12bit Sound Reactive Neo-Ring

Programmable Sound Reactive Neopixel Ring

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This is a programmable sound reactive board with 12 full-color Neopixel LEDs, specially designed to be used as a wearable device or a gadget for other audio systems.

Electret condenser microphone converts sound into an electrical signal, which is then amplified by an op-amp. MCU reads this signal and generates a light pattern on Neopixel LEDs.

The round plate has 45x45mm with a thickness of 1mm (5mm assembled), making the final assembled board weights only 5 grams, small enough to be incorporated into portable devices or wearables.

You can see how it works in this video


Main microcontroller is a mainstream STM32f070 32-bit ARM Cortex-M0, operating at 48MHz, with 32Kb of FLASH memory and 6Kb of RAM. 

The embedded firmware uses three different peripherals from the micro: 

  • 12bit ADC to read the sound signal in continuous mode.
  • TIMER configured to work at 800KHz to send PWM signal to the LEDs with the NRZ protocol.
  • DMA, used for the ADC acquisition and to send data to the timer channel as a PWM signal, so the CPU is unloaded as much as possible during all the process.

Sound acquisition

it uses an omnidirectional electret microphone of 6x2,7mm with -50dB sensitivity working at frequencies from 100Hz to 10KHz. Signal is amplified with an op-amp that features rail-to-rail input and output, with a 6MHz gain-bandwidth that can be adjusted with an SMD variable resistor.


The LEDs are WS2812 chips in a 5050 package, and I use two different versions according to the needs of each project:

  • WS2812B for a max brightness results, with an overall consumption of 380mA.
  • WS2812C for a much long run on battery powered devices. Brightness is reduced to one-third of the B version, making overall consumption reduced to 180mA.

User Button

Button allows you to switch between different light patterns:

Sound pressure Gauge

Half ring mirrored

Half ring with rotation

With a hold-press, you can adjust the max brightness. Visit the github project page for more info.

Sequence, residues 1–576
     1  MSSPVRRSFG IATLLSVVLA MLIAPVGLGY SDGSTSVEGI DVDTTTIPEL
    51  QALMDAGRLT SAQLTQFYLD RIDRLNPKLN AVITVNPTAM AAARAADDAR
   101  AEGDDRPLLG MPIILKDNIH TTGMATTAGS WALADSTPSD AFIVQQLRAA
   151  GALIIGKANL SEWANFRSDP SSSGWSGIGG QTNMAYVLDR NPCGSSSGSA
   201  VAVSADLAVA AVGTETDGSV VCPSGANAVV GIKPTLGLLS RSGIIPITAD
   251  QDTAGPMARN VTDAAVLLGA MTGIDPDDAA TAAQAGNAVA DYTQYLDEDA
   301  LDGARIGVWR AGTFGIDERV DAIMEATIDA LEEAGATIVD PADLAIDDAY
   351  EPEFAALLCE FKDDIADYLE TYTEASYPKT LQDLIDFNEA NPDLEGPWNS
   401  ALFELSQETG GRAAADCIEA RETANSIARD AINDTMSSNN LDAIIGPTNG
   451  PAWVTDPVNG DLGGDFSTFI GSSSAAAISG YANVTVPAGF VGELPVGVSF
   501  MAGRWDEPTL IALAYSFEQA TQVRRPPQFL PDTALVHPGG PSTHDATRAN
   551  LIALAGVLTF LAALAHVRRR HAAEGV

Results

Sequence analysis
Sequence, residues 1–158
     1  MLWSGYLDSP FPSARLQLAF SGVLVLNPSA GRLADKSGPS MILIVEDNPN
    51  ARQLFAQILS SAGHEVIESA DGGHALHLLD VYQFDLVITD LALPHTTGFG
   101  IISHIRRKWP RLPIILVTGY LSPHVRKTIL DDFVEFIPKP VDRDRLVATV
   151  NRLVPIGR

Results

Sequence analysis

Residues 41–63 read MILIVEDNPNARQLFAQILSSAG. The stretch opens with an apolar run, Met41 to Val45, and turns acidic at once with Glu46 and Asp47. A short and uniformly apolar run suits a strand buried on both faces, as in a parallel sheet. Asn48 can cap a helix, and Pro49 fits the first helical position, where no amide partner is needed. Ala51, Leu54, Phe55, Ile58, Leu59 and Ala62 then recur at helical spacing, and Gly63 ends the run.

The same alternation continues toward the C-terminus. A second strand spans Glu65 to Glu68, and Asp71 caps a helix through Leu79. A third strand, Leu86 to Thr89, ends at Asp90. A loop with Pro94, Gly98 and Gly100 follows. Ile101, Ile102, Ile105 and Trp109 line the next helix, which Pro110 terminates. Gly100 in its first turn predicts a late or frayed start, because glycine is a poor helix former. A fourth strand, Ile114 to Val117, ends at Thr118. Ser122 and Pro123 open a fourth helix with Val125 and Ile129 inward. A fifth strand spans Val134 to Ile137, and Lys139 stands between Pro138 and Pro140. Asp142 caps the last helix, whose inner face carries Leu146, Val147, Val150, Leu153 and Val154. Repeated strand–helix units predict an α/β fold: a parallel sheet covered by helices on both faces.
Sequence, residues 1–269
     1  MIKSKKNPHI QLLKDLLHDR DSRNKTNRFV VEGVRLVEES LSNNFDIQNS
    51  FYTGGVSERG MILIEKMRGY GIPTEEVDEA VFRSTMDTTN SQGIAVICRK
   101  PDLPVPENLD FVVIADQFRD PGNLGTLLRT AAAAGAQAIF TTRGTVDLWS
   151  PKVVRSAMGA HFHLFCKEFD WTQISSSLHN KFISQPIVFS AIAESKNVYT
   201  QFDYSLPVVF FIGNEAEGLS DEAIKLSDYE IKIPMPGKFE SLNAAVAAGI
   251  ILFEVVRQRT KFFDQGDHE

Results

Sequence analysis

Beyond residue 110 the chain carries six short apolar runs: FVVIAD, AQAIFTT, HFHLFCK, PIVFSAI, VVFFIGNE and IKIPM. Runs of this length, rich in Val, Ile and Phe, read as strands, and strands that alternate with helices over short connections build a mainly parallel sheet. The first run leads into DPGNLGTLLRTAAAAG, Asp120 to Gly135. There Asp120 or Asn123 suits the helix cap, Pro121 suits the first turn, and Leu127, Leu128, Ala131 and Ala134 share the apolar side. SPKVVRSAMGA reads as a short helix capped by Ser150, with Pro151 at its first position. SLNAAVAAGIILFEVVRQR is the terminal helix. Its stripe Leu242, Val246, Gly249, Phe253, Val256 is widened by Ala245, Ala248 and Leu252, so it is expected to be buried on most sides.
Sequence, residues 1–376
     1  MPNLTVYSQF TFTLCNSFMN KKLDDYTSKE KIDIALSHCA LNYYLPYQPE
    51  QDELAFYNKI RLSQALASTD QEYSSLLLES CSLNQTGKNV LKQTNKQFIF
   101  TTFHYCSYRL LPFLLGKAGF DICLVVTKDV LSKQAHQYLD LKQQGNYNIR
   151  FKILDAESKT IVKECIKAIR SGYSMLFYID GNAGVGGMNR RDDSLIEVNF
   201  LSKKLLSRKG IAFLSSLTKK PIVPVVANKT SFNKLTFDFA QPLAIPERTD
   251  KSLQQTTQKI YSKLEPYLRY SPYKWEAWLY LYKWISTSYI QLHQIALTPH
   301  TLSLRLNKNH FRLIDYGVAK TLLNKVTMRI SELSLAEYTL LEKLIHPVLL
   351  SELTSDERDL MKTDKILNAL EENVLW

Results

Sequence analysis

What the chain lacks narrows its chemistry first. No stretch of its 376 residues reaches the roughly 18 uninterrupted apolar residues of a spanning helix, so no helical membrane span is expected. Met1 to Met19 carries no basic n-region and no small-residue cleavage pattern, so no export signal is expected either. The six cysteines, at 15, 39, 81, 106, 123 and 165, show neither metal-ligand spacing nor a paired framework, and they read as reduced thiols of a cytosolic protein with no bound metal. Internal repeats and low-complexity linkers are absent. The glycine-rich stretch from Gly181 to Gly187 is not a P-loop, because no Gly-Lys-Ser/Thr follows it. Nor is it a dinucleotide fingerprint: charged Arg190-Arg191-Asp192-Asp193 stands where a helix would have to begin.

Voltage ratings

There is a LDO voltage regulator to adjust input voltage to the 3.3V required by MCU. It accepts a max input voltage of 5.5V, but it must be down to a range of 3-4V for proper communication with LEDs, so a LiPo one-cell (1S) is a good option. 

A Schottky diode protects the system from reverse polarity.


The board exposes I2C pins to acquire data from external sensors, SWD pins for MCU programming / debugging, Audio OUT pin to access the op-amp output, and WS OUT pin to attach more LEDs to the system.


Bill of Materials

sheet - 12.32 kB - 10/03/2020 at 20:45



Board schematic

Adobe Portable Document Format - 139.88 kB - 10/03/2020 at 11:28


  • 1 × STM32F070F6P6 MCU Cortex-M0
  • 12 × WS2812x Neopixel LED
  • 1 × GS8632C-SR Low Noise OpAmp. 6MHz Gain-Bandwith. Rail-to-rail input and output
  • 1 × Electret mic 6x2.7mm package with -50dB sensitivity

  • Desktop Lamp

    Manuel Alfonso03/06/2022 at 12:44 0 comments

    I've used two ring boards to create a desktop lamp. 

    The code has been heavily modified to integrate the new spectrum analyzer mode, in which the LEDs react according to frequency from 20Hz (led at 12 o'clock) to 2kHz ( 11 o'clock). Colors also been improved to perform more changes based on sound rhythm.

    You can check the updated code at the github repo.

    More info on the project page:

  • Graphic Spectrum Analyzer

    Manuel Alfonso03/11/2021 at 00:03 0 comments

    Testing how well performs the board with a more complex operations. 

    I've implemented a spectrum analyzer to display the different frequencies on a 0.96" OLED display connected to the Neo-Ring I2C port. Also, LEDs react to that frequencies.

    The MCU limitation in terms of memory and power (no FPU) do not allow to use DFT or FFT transformations, even less DSP libraries. Fortunately I found a routine that implements FFT transformations with fixed-point short integers. Also I've used an integer square root implementation from here.

    I choose to focus on the most common frequency range with piano music, up to 2kHz, so the audio sampling rate is configured at 4kHz (Nyquist's theorem).

    I have to make some adjustments in the source code to integrate it correctly with the rest of the Neo-Ring display modes. When done, I'll update the source code repository.

    Comments and suggestions are welcome!

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